It’s hard to miss the news right now.  And it feels like none of is it good.  And so many people I know are fed up with dealing with bad news so are stepping away from it altogether.

And I get that.  I did the same myself back in 2016 when my nervous system was shot with ill health and burnout (and Trump 🙄).  And there’s no doubt that being exposed to these stories absolutely creates a stress response in us, both in terms of content and how they’re delivered.  And that means fear, anxiety, irritability, anger, overwhelm, disconnect even depression.  And no one wants that.

But I do have concerns about so many people removing themselves from current affairs and the stuff that impacts every aspect of our lives.  Particularly when it tends to be those who are empathetic, who think deeply and make considered decisions, and who can see different perspectives.

Because if we disengage, who gets left making the big decisions, who’s voice gets heard, who gets stuff done?

At best, it’s the people who can cope, but potentially that’s with a narrow viewpoint.  At worst, it’s the loud, the arrogant, the self servers and the sociopaths.  If those of us I call Secret Misfits – the quiet rebels, introverts, and highly sensitives – have to step out, who takes our place?

And so, to me, it’s great if we can find a way to stay sane but also to stay engaged.  But that takes work and each of us has to find our own way through.  Things that work for me include:

  • Being in the driving seat: Choose what news you want to encounter and when. I keep things simple and just read a couple of (reputable) apps at times of my choosing.  No notifications and alerts, and I use “lock out” apps if I’m getting too embroiled in Twitter. 

  • Being prepared.  Knowing when you’re going to encounter news means you can get yourself prepared.  Use self regulating techniques before and after to “bookend” what can be a a tricky time so your stress levels don’t rise so high and calm back down quickly.  This means you head into the rest of your day on a more even keel (hello resilience).  Check our my blogs for tips.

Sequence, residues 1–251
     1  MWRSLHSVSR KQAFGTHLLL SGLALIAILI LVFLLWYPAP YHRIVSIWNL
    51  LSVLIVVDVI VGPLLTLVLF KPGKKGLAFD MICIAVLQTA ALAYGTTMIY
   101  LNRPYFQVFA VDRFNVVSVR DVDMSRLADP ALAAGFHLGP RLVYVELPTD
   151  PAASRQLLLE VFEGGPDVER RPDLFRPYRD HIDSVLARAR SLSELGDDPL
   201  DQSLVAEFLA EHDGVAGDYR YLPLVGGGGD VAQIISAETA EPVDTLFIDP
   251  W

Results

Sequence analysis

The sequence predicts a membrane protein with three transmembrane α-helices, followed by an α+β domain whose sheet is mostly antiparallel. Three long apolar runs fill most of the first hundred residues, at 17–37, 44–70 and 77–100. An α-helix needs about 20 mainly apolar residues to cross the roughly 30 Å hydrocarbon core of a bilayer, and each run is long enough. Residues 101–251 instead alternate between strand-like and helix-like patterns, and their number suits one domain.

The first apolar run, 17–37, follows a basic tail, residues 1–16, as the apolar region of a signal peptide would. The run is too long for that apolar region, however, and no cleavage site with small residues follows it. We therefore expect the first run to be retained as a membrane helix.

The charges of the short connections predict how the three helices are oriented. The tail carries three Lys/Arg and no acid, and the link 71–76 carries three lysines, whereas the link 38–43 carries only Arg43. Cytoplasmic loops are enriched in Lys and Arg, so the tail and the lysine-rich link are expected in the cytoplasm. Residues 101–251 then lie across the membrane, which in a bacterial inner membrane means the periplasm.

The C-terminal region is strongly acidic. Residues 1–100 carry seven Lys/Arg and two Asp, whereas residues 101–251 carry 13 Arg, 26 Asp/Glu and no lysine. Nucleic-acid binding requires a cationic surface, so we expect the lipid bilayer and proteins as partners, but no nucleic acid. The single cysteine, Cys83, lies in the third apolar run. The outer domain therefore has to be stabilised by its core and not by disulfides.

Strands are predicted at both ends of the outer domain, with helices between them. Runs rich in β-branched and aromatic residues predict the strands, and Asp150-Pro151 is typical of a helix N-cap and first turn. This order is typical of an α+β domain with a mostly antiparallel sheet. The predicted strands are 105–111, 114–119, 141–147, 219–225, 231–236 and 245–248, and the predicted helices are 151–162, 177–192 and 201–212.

• Just dip in a toe:  If there’s something really difficult for you (and remember this doesn’t just have to be about news), get into that “prepared” zone above with lots of nervous system regulation.  And just gently dip a toe into the thing that’s causing you stress.  For this example you could limit yourself to one news story or perhaps set a timer for 5 minutes.  And then immediately back to what makes you feel calmer.  In fact, if you can keep the “regulator” with you whilst exposed that’s even better, so examples could be positioning yourself near the window where you can watch birds in the garden, stroking the dog or playing music in the background.  It really doesn’t have to be complicated and it’s amazing the difference it can make!

  • Dealing with facts.  They’re a lot of rubbish out there – Aunty Mabel’s cousin on Facebook is not your friend here.  And also remember to deal with the real stuff, not the “future-guessed”.  So many of us catastrophise, make up what’s going to happen (in a future we can never know) and treat it as fact – and it really doesn’t help.

  • Bringing balance.  When things are tough, we need more of the good stuff, the calm stuff, the stuff that brings back hope and lifts our spirits.  So do whatever that is for you, and do more of it!  For me, it’s getting out into the hills or having a laugh (and bonus, they’re free).  

  • Harnessing the rage.  I haven’t got this one worked out yet.  But sometimes this stuff makes me mad.  And that’s a horrid feeling when combined with helplessness.  But now I’m in charge of my autonomic nervous system, I know I can get stuck in without overwhelm.  And feeling like I can make a positive change is so much better than being a helpless bystander.  Confession – I haven’t worked out how or what just yet, but I’m on the case!

What’s keeping you calm right now?  I’d love to hear.